January 06, 2008

Last year - I dared...nothing?

Hahaha, I just re-read my foodie resolutions for 2007 with a grin on my face. What has become of them? Absolutely nothing! But since I am good at forgiving myself for things I did (or did not) that didn´t harm anyone anyway I am simply putting them up again for 2008! Isn´t that neat? Some of them will be easy, some of them not. But then there is always 2009!

1. I will make my own pasta
2. I will take a class in how to handle and cook fresh fish
3. I will make sausages from scratch (that will have to wait until Christmas)
4. I will make sourdough bread
5. I will make wine leaf dolmadas
6. I will make pear preserves with ginger and lingonberries this autumn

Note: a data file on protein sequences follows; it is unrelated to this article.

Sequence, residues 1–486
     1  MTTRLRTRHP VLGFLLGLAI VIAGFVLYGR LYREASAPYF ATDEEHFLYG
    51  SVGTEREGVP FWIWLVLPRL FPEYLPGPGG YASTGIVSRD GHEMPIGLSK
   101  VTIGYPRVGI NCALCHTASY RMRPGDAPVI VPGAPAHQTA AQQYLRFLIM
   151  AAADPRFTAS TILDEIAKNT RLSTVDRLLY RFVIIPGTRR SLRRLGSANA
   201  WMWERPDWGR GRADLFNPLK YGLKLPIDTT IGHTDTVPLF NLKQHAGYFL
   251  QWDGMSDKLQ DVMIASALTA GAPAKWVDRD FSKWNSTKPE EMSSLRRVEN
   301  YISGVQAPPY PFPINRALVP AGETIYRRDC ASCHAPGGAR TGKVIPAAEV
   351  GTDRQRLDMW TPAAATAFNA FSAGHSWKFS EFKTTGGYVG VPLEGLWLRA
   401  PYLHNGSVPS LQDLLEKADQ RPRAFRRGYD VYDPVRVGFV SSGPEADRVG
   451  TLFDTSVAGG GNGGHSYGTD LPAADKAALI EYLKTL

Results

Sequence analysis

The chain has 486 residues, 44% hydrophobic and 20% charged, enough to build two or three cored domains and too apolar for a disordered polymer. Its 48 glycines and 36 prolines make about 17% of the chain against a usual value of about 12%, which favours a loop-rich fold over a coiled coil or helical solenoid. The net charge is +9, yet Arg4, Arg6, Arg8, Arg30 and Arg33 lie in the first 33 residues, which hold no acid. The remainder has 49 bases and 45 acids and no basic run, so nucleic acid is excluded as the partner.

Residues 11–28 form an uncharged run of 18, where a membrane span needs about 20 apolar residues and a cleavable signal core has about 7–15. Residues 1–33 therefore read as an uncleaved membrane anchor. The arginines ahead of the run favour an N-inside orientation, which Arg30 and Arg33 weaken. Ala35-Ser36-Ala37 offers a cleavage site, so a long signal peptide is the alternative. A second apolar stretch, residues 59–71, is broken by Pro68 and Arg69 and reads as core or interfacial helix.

7. (new) I will not feed my baby food from a jar unless it is an emergency

And I have made other things this year, really! I have further explored Lithuanian and Estonian cuisine, I have ordered veggie boxes, I made my own red cabbage for Christmas for the first time, I have become a cooking teacher... And above all I lost my job, got a new one, became pregnant and bought a house and moved. Christ, 2007 has been busy! Not sausage-making, though.